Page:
Village of Orleans v. Dietz

Annotate this Case

539 N.W.2d 440 (1995)

248 Neb. 806

VILLAGE OF ORLEANS, Appellee, v. Bill DIETZ, Appellant.

Nos. S-93-855, S-93-856.

Supreme Court of Nebraska.

November 17, 1995.

*441 Bill Dietz, pro se.

Douglas R. Walker, of Duncan, Duncan, Jelkin & Walker, Alma, for appellee.


CONNOLLY, Justice.

Bill Dietz appeals the decision of the district court for Harlan County affirming the county court's conviction of Dietz on misdemeanor nuisance charges. The county court fined Dietz $100 on each of 48 counts in one case and on each of 2 counts in a separate case. These cases have been consolidated for appeal. Dietz asserts that the Village of Orleans did not have the authority to prosecute him in its own name; however, we do not reach this issue because we find that we do not have jurisdiction.


Dietz assigns one error, that the village erred in bringing an action in the name of the Village of Orleans when it does not have the authority to bring actions in its own name.


This case began as a nuisance action in the Harlan County Court by the village against Dietz for violating various village ordinances forbidding the maintenance of property in a filthy or littered condition. After conviction of the misdemeanor nuisance violations, the county court sentenced Dietz to pay $100 on each of the 50 counts and gave him 120 days from that date, October 22, 1992, to clean up the property. If the property was cleaned up within the 120 days, the judge agreed to reduce the fine to a "minimal amount."

Dietz filed a notice of appeal to the district court for Harlan County on November 10, 1992, stating that the village had erred in bringing an action in the name of the village when it had no authority to do so. On March 26, 1993, the district court affirmed the county court's verdict and sentence with the modification that Dietz was given an additional 120 days to clean up the property.

On April 6, 1993, Dietz filed a motion for a new trial or, in the alternative, motion to vacate. Both motions were denied at a hearing held on August 19, and the court's judgment was entered on the trial docket on that date. A journal entry and order, stating that the court entered an order affirming the *442 March 26 ruling of the district court, was signed and dated by the judge on August 30. The village filed a motion for summary dismissal, because Dietz failed to appeal within 30 days as required by Nebraska law.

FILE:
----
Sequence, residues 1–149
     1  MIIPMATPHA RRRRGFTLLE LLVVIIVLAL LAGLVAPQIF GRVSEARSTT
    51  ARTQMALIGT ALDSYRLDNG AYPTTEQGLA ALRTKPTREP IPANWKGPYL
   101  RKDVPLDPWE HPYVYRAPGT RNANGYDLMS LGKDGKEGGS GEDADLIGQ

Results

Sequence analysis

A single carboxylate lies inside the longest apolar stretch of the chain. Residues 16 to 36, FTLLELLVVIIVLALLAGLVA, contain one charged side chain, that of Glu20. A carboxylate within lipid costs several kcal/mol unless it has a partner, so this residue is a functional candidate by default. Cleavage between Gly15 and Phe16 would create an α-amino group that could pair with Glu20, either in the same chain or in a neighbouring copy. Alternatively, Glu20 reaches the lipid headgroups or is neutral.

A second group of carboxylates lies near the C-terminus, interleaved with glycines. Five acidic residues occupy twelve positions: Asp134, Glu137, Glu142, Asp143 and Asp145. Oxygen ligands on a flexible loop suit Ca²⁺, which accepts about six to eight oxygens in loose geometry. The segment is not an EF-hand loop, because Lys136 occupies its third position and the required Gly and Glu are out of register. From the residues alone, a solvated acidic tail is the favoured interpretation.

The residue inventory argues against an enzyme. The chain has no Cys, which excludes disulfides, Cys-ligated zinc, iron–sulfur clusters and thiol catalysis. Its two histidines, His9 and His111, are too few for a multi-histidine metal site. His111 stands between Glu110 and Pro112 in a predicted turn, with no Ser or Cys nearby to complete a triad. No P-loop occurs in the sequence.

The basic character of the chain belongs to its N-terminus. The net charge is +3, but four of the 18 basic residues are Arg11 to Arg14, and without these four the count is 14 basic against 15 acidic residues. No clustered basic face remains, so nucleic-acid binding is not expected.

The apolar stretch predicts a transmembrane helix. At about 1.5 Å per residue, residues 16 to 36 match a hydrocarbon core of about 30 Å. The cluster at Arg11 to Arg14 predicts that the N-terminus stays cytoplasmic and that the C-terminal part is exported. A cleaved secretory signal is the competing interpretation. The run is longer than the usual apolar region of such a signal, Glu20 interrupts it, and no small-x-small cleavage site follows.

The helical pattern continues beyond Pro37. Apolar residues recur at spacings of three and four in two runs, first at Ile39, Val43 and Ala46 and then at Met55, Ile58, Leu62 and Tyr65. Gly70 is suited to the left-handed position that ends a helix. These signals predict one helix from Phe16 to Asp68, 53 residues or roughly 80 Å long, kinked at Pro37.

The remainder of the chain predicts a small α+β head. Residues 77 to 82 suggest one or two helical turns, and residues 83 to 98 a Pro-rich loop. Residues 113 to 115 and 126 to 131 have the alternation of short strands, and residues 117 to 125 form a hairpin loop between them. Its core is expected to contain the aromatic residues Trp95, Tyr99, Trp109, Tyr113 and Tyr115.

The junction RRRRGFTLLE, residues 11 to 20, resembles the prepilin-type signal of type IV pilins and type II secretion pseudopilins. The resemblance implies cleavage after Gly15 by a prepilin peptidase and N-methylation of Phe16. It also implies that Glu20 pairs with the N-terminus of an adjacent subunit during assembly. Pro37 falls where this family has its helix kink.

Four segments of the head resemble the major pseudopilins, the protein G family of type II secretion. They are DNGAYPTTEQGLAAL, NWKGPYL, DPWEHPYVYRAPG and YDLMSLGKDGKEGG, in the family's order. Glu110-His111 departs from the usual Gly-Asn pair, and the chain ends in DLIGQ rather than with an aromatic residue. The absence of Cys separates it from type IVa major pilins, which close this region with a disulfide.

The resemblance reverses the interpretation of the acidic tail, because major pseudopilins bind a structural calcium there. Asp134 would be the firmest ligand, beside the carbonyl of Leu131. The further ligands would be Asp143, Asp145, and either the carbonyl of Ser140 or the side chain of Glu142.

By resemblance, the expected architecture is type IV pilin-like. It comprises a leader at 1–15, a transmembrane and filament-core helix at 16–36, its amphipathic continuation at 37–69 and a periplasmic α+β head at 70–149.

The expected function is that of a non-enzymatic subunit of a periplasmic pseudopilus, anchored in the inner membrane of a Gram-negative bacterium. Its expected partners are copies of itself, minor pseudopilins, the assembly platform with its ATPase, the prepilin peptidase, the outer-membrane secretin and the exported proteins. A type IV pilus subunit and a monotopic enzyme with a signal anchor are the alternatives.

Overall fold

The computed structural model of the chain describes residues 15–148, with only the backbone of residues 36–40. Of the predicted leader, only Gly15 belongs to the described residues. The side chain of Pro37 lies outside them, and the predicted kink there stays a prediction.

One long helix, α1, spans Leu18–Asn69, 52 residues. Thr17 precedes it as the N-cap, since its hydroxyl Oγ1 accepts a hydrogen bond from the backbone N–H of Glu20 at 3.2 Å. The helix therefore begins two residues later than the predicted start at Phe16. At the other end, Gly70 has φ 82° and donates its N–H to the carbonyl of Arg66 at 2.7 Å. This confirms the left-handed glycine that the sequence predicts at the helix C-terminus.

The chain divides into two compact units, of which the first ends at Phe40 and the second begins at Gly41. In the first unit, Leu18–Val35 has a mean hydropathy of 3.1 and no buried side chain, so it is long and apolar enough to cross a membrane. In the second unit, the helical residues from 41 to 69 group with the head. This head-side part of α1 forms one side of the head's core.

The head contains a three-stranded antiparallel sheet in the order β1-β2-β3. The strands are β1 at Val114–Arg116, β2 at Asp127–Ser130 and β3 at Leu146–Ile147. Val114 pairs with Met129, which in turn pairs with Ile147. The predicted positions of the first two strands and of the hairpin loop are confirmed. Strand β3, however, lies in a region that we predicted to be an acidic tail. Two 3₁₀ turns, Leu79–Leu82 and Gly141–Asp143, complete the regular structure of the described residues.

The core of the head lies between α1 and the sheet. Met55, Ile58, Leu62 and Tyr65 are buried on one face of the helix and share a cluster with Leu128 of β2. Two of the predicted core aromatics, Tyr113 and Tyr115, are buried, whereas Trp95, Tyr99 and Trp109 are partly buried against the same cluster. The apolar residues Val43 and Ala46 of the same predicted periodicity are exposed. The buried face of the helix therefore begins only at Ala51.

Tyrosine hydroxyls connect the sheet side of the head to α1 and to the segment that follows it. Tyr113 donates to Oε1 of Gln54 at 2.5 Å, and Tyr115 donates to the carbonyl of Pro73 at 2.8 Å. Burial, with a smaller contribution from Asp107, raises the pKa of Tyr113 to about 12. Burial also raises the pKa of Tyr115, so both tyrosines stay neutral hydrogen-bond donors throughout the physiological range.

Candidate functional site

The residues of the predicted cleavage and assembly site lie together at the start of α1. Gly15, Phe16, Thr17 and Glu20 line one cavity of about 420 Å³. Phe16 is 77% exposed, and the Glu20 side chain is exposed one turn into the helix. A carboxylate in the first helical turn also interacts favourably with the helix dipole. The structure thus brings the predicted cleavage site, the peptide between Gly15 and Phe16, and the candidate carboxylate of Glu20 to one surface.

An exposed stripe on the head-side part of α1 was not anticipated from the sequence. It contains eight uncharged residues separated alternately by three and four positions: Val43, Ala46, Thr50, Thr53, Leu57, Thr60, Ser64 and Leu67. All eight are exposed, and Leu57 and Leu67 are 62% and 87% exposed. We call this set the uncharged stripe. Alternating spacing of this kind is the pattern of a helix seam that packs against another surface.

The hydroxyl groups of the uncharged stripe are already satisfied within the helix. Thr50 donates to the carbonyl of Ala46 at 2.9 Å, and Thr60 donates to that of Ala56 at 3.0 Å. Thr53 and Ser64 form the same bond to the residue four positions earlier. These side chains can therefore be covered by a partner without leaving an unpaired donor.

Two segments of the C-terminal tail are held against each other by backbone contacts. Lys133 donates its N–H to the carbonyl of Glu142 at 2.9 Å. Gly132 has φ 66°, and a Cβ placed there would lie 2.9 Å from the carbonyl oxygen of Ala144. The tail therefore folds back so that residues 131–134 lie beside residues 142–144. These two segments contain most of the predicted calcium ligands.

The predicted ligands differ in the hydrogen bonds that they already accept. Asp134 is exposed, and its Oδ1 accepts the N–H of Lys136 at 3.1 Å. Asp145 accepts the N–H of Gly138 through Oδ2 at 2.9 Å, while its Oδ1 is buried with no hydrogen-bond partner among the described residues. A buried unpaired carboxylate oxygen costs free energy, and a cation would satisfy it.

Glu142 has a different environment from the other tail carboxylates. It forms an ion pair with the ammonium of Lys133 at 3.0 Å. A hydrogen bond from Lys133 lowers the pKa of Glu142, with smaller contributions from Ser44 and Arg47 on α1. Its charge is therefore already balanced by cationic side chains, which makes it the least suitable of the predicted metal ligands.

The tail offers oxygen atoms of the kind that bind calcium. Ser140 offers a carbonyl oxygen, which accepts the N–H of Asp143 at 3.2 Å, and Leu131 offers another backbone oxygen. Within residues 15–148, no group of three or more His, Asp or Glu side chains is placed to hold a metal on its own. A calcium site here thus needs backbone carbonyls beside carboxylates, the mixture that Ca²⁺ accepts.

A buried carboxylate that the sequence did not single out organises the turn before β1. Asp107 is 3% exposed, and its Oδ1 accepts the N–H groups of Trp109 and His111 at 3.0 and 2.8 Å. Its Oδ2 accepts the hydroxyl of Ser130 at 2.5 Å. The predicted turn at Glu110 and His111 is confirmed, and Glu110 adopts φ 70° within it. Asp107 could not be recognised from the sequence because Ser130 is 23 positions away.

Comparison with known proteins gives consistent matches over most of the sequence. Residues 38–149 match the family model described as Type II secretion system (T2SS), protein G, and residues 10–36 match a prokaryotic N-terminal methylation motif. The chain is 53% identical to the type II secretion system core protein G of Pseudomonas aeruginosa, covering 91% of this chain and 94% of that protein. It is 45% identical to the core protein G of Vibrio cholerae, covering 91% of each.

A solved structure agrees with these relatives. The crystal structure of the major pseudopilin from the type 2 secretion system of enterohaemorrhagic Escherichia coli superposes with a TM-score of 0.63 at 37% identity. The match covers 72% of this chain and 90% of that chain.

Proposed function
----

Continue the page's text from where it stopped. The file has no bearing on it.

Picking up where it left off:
A "judgment" is a court's final consideration and determination of the respective rights and obligations of the parties to an action as those rights and obligations presently exist. Lemburg v. Adams County, 225 Neb. 289, 404 N.W.2d 429 (1987); Neujahr v. Neujahr, 223 Neb. 722, 393 N.W.2d 47 (1986). If a judgment looks to the future in an attempt to judge the unknown, it is a conditional judgment. See Romshek v. Osantowski, 237 Neb. 426, 466 N.W.2d 482 (1991). A conditional judgment is wholly void because it does not "perform in praesenti" and leaves to speculation and conjecture what its final effect may be. Schaad v. Simms, 240 Neb. 758, 484 N.W.2d 474 (1992).

In the instant case, the judgment of the county court was not a final determination of the rights of the parties. The order gave Dietz 120 days to comply, and if he complied, the fine would be reduced. Thus, the court's judgment was subject to modification during the 120 days allowed for compliance and did not establish the obligation of Dietz as it presently existed. Therefore, the order of the county court was not a final judgment.

For an appellate court to acquire jurisdiction of an appeal, there must be a final order entered by the court from which the appeal is taken. Conversely, an appellate court is without jurisdiction to entertain appeals from nonfinal orders. Barks v. Cosgriff Co., 247 Neb. 660, 529 N.W.2d 749 (1995); Fritsch v. Hilton Land & Cattle Co., 245 Neb. 469, 513 N.W.2d 534 (1994). Thus, the district court did not obtain jurisdiction on this claim because there was no final, appealable order from the county court.

Where the court from which an appeal was taken lacked jurisdiction, the appellate court acquires no jurisdiction. WBE Co. v. Papio-Missouri River Nat. Resources Dist., 247 Neb. 522, 529 N.W.2d 21 (1995); State ex rel. Grape v. Zach, 247 Neb. 29, 524 N.W.2d 788 (1994).


Because the record does not contain a final, appealable order, this appeal is dismissed.